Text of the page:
For a long time I had been holding the question: What am I really doing when I hold space? I had noticed that many facilitators and hosts nodded their heads in recognition when we spoke of holding space. They/we seemed to understand what we meant by it, but I had never heard anybody explain it, nor could I find reference to it in books. The experiences recounted here made me aware of certain aspects of it, and I realised in that moment on the phone with my friend that this capacity of holding space needed languaging: words and distinctions to make it visible in the world. Another friend called it ‘grandmother’s work’, which was a nice metaphor but not a useful distinction.
The next important experience came in a training seminar, where an awkward situation revealed to me that holding space, for me as a woman, was not something I did in the cognitive sphere of the mind, but was essentially something that I accessed in and through my body. This realisation was very grounding for me, as if I had finally landed in my right spot. From the response of other female participants at that seminar, it transpired that this was not just my unique individual experience, but something that many women resonate with.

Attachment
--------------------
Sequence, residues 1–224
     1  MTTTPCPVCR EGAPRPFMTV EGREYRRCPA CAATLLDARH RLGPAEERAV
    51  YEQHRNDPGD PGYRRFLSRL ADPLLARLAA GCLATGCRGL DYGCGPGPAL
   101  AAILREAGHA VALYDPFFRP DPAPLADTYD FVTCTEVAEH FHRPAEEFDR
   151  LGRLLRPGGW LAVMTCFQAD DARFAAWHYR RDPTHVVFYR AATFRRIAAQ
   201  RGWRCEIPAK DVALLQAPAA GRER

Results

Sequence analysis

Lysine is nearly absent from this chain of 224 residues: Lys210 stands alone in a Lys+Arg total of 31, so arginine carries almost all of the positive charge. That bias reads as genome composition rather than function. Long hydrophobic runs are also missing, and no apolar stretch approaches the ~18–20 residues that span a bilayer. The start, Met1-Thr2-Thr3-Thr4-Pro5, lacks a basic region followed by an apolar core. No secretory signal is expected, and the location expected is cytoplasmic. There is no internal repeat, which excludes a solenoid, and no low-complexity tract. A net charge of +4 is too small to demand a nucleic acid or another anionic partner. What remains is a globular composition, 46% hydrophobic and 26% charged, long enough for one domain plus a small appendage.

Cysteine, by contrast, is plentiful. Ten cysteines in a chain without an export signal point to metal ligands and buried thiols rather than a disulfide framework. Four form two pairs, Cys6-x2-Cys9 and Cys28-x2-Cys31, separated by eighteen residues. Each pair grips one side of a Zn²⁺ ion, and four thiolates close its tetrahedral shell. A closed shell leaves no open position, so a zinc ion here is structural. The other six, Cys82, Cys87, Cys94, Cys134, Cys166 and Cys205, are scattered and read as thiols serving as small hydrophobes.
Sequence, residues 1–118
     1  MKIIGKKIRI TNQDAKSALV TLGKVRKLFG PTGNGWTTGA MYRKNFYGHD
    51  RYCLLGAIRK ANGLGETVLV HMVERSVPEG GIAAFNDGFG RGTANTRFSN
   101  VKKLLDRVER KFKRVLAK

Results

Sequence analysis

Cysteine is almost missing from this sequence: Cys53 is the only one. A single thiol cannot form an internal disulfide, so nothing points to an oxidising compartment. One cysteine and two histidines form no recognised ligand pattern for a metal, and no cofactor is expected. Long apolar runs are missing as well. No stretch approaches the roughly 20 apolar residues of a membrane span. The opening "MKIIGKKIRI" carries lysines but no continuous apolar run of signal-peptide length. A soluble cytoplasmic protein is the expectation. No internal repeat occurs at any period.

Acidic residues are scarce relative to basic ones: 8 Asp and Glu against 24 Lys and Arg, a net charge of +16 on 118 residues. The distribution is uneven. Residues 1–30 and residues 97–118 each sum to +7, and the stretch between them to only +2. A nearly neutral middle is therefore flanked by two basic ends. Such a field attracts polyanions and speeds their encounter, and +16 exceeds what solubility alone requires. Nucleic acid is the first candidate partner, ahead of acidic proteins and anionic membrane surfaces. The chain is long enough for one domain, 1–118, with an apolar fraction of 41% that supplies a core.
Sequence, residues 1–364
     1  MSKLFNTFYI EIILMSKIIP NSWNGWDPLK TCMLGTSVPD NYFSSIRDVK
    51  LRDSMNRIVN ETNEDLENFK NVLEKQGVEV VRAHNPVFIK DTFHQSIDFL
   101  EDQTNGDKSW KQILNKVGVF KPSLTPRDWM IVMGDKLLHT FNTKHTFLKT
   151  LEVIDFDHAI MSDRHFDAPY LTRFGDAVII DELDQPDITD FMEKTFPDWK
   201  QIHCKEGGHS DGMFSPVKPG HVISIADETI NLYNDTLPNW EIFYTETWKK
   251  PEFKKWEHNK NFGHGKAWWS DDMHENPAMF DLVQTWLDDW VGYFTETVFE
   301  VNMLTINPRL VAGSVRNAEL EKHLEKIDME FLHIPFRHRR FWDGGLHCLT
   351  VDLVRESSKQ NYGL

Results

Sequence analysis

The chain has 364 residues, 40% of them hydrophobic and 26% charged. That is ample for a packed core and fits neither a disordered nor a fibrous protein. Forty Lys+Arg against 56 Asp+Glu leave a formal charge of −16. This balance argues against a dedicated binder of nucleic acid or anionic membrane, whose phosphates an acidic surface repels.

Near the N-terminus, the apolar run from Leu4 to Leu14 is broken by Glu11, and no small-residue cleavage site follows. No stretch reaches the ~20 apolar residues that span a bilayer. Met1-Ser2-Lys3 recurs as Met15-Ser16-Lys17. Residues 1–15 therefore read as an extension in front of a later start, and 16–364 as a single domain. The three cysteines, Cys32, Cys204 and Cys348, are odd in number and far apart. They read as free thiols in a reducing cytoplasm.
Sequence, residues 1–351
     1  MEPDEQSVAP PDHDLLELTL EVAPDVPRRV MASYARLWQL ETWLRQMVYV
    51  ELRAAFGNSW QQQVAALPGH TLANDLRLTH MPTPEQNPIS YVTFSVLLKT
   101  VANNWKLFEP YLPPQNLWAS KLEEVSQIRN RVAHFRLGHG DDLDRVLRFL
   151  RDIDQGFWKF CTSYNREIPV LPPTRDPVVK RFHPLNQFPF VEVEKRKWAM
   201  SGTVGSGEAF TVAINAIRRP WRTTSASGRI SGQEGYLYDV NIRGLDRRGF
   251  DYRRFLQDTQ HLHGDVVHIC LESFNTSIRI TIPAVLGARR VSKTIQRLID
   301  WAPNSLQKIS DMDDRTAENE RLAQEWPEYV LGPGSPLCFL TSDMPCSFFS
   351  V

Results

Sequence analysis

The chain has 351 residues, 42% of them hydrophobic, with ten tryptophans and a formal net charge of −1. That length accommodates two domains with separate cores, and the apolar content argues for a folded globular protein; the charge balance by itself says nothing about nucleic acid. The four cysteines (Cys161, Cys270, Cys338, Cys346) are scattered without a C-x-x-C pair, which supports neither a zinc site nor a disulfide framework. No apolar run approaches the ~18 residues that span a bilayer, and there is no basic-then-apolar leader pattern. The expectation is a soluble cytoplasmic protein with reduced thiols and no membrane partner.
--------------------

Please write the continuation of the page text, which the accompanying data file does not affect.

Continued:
Nevertheless, the question remained, although now in a slightly different form: what am I actually doing when holding space, in and through my body? Some years earlier I had realised that I could sense what would happen next in a group process or systemic constellation, and that this was alien, weird or simply not possible for others. I also came to recognise that this sensing of what would happen next was quite different from the visions of the future experienced by others. My friend at the time was clearly years ahead in seeing what would become possible in the future, but he had no (trained) sensing organ for what might be the first next step in this unfolding, and so he was quite unable to discern where best to invest his energy, with much frustration as a result.